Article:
By a majority vote, the Trial Chamber found the former chief of the VJ General Staff Momcilo Perisic guilty of aiding and abetting crimes against humanity and war crimes in Sarajevo and Srebrenica and of failure to punish those who ordered the rocket attacks on Zagreb
Momcilo Perisic, former chief of the VJ General Staff, was found guilty of aiding and abetting murder, inhumane acts, attacks on civilians and persecution in Sarajevo and Srebrenica and of failure to punish his subordinates responsible for the rocket attacks on Zagreb in May 1995. This is the first judgment in which the ICTY convicted an official of the Federal Republic of Yugoslavia of crimes in the war in BH. Former JNA officers Mile Mrksic, Veselin Sljivancanin, Pavle Strugar and Miodrag Jokic have been convicted by the ICTY of crimes in Croatia (Vukovar and Dubrovnik).
The Trial Chamber with judges Bakone Moloto, Michele Picard and Pedro David first found that all the crimes listed in the indictment against General Perisic had indeed been committed. From September 1992 to November 1995, the judges concluded, the VRS conducted a campaign of shelling and sniping in which hundreds of civilians were killed and thousands were injured. After the VRS forces overran the protected area of Srebrenica in July 1995, the soldiers forcibly transferred the civilians from the enclave and massacred thousands of Muslim men. Finally, the judges concluded that the Serbian Army of Krajina (SVK) launched rockets on Zagreb on 2 and 3 May 1995, killing seven persons and injuring about two hundred people. General Perisic was indicted for providing logistical and personnel support to the Serb armies in Bosnia and Croatia and thus significantly ‘aiding and abetting’ the crimes. Perisic was also charged with failing to prevent his subordinate officers in the VRS and SVK from committing crimes and failing to punish them.
The judgment goes on to say that the VJ ‘under supervision’ of General Perisic provided ‘large-scale logistic support in ammunition, fuel and spare parts’ and necessary expert assistance. According to an estimate of the Main Staff from 1994, the VRS received about 25 million bullets and over 7,500 shells from the VJ to wage the war in BH. Logistic support to the VRS, the judgment noted, became ‘centralized and coordinated’ when Perisic became chief of the VJ General Staff in August 1993. According to the judges, the FRY Supreme Defense Council authorized Perisic to provide supplies to the VRS and the SVK. Perisic also regularly urged the Supreme Defense Council members, including the Serbian president Slobodan Milosevic and Yugoslav president Zoran Lilic, to continue providing logistic support.
The summary of the indictment noted that numerous VJ officers ‘fought under the banners’ of the VRS and the SVK. In order to regulate their status, Momcilo Perisic proposed to create the 30th and 40th Personnel Centers. The ‘real purpose was kept secret’ to avoid the condemnation of the international community.
The judges dissented on General Perisic’s responsibility for the actual crimes. The majority of the Trial Chamber, with Judge Moloto dissenting, concluded that the crimes were ‘intrinsically linked with the strategy and goals of the VRS’ that ‘regularly made no distinction between civilian and military targets’. Although the majority concluded that Perisic was ‘not charged with helping the VRS wage war per se’, the two judges found that “under the VRS’s strategy, there was no clear distinction between military warfare against Bosnian Muslim troops and attacks against Muslim civilians”. The majority concluded that the aim of the siege of Sarajevo and the shelling and sniping campaign was to divide the city, intimidate civilians, break down their spirit and destabilize BH. The VRS wanted to eliminate the border on the Drina river by wiping out the enclaves in that area and by ‘perpetrating large-scale atrocities’, the majority in the Trial Chamber found. In implementing those goals, the VRS depended on the logistic and personnel support provided by the VJ and general Perisic.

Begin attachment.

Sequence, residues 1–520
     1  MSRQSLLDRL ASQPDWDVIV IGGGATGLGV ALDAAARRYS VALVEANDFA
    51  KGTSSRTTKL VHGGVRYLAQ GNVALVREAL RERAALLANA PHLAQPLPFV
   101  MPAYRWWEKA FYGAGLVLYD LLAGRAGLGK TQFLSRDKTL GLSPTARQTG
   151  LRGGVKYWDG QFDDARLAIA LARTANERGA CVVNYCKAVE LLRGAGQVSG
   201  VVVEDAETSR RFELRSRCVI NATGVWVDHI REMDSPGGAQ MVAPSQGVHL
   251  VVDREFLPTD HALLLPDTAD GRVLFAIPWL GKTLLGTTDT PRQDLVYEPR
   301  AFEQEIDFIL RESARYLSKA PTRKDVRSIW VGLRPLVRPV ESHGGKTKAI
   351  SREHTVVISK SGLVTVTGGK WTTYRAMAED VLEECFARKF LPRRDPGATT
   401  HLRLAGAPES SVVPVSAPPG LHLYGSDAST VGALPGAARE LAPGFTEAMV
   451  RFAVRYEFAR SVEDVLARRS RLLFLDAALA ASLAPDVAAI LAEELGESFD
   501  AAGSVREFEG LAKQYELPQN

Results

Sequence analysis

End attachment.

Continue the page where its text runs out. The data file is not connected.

The majority in the Trial Chamber also concluded that long before the tragedy in Srebrenica Perisic knew that the VRS was prone to attacking civilians and that ‘it is likely to go on with persecutions’ after the fall of the enclave. The Trial Chamber ruled unanimously that the prosecution failed to prove beyond reasonable doubt that Perisic ‘could foresee that the VRS would engage in the radical extermination of thousands of Muslims’. Accordingly the judges acquitted Perisic on the count in the indictment charging him with extermination.
The judges unanimously found Perisic not guilty as a superior for failing to prevent crimes and punish perpetrators of the crimes in Sarajevo and Srebrenica. The Trial Chamber ruled that Perisic did not have effective control over Mladic and other VRS officers involved in the crimes. According to the Trial Chamber, the evidence proved Perisic’s inability to impose binding orders on Mladic’. On the other hand, the majority in the Trial Chamber concluded that Perisic had effective control over the SVK commanders because he issued orders to them and initiated disciplinary proceedings against them; therefore Perisic was responsible for the failure to punish those who launched the rockets on Zagreb.
Perisic was sentenced by a majority vote of the judges in the Trial Chamber to 27 years in prison for the crimes he was convicted of. The long period over which the VRS committed the crimes and the vulnerability of victims were taken as aggravating circumstances. The 1,078 days Perisic has already spent in the Tribunal’s detention will be deducted from his sentence.